'Johnny Jim the bear killer'

Then there were people named for things they did. 

'Everybody had nicknames,' said Dugald (Dunkie) MacDonald of Pictou County, N.S. (Dutch Thompson)

"There was a MacDonald man, his people were in Nine Mile Creek, they were called Bear MacDonalds," recalled Rev. Donald Nicholson. He was born in 1906 and was a Presbyterian minister who preached all over the Island. He learned Gaelic from his great-grandparents, first-generation immigrants from Scotland.

"Evidently the grandfather met a bear in the woods and he killed the bear with a stick, and ever afterwards he was referred to as Bear MacDonald. All the descendants, in order to clarify which family they belonged to, it was the Bear MacDonalds," Nicholson said. 

"My father cleaned up all the bears on the Island. He was christened 'Johnny Jim the bear killer,'" said Robbie Robertson, who told Dutch his father killed at least 14 bears on P.E.I. Robertson was born in 1904 in Kingsboro, one of 14 children raised by their father after their mother died young.

"My father was a great hunter alright. He always carried a gun with him. The main thing was, they'd kill sheep," he said. "When they'd find a [sheep] carcass, they'd get my father. He'd climb a tree at night and wait for the bear to come, shoot the bear ... there was quite a trick to it." 

Dunkie Beag and other Gaelic nicknames

Some Scottish immigrants to the Maritimes came up with a system of differentiating all the branches of the ubiquitous MacDonald family. 

For people who had the Gaelic, they'd refer to me as Donald Seanie Beag Gall Eoin — that brings me four generations back: Donald, John, Donald, John.— Donald Nicholson

Dugald (Dunkie) MacDonald of Pictou County, N.S., explained his friend Dan Hugh Michael MacDonald was nicknamed after his father Hugh and his grandfather Michael.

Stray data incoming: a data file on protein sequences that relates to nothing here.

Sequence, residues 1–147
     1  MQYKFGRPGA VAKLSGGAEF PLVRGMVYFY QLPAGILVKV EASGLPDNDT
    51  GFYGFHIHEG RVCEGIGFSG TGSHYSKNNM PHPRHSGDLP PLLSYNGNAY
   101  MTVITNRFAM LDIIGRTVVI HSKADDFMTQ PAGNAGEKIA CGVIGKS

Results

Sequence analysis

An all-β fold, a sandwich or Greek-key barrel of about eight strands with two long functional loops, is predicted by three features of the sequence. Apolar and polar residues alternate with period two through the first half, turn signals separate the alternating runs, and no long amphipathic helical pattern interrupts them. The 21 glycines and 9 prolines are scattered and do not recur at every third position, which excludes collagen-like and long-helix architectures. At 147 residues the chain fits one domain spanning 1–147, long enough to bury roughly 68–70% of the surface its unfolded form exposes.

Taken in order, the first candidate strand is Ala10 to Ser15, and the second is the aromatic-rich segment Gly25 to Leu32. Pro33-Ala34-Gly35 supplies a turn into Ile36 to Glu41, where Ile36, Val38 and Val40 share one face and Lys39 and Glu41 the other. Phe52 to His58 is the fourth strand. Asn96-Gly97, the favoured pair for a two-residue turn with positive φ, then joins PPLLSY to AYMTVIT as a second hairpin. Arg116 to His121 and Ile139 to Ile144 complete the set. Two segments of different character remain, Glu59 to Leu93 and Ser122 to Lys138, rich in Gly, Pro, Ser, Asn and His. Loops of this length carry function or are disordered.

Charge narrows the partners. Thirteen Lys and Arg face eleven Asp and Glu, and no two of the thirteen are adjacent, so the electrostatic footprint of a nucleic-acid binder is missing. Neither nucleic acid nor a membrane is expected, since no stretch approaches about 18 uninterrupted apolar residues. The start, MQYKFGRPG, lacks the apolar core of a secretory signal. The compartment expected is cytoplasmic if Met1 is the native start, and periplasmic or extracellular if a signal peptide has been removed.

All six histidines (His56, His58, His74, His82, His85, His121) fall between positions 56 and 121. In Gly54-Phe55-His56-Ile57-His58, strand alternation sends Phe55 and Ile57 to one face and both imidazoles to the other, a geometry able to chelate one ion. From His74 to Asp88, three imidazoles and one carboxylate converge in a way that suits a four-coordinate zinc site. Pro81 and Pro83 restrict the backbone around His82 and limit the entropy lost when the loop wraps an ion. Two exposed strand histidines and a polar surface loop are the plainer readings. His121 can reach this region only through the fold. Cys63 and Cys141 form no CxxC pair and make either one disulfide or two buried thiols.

Dunkie's father was one of two Duncan MacDonalds attending the same school. Although "he wasn't a small man," Dunkie explained the other Duncan "was a monstrous big fella" — so they were nicknamed Big Duncan and Little Duncan. However the nicknames were in Gaelic: little Duncan became Dunkie Beag (pronounced something like "Bick").

Gaelic nicknames were very common on P.E.I., because right up to the 1920s some Island households still spoke Gaelic as their first language.

"For people who had the Gaelic, they'd refer to me as Donald Seanie Beag Gall Eoin — that brings me four generations back: Donald, John, Donald, John," explained Donald Nicholson, who himself still spoke Gaelic. His father's nickname had been Seanie Beag, even though he was far from small, and "strong as a bear" said Nicholson. 

Angus Gallant from Rustico got his nickname playing cards. Clarice Gallant grew up nearby and was 93 when she told Dutch the story of how card parties, known as "chicken raffles," had once been popular in the area — the winning hand of cards won a chicken, or at Christmastime, a goose. 

'There was a MacDonald man, his people were in Nine Mile Creek, they were called Bear MacDonalds,' says Rev. Donald Nicholson. (Dutch Thompson)

Gallant was at a holiday chicken raffle and was "tense and anxious to win that goose," recalled Clarice. "He had the king of spades — that would be the card that would beat that hand — he put his hand down [and yelled] 'King! Goose!'"

From then on he was known as King Goose, and for many years his family was called the King Gooses, differentiating them from the many Gallants in the area. 

Dutch's personal favourite nickname was a man from Charlottetown who was nicknamed Rabbit because he liked to drive fast. However his last name was Partridge — the name Rabbit Partridge always makes him smile.